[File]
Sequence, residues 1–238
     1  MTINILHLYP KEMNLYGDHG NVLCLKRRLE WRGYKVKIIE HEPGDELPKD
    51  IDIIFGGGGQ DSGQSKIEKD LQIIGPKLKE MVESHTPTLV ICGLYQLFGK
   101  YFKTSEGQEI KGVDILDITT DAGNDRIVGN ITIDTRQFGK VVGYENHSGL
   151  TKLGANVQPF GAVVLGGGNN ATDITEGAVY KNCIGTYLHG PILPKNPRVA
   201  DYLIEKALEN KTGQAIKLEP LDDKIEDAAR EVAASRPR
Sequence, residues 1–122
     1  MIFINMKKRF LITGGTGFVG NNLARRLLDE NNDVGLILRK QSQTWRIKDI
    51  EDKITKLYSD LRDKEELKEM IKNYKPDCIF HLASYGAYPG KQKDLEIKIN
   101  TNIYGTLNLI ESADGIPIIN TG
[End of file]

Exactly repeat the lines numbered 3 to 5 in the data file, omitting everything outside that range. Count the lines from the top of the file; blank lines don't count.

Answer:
    51  IDIIFGGGGQ DSGQSKIEKD LQIIGPKLKE MVESHTPTLV ICGLYQLFGK
   101  YFKTSEGQEI KGVDILDITT DAGNDRIVGN ITIDTRQFGK VVGYENHSGL
   151  TKLGANVQPF GAVVLGGGNN ATDITEGAVY KNCIGTYLHG PILPKNPRVA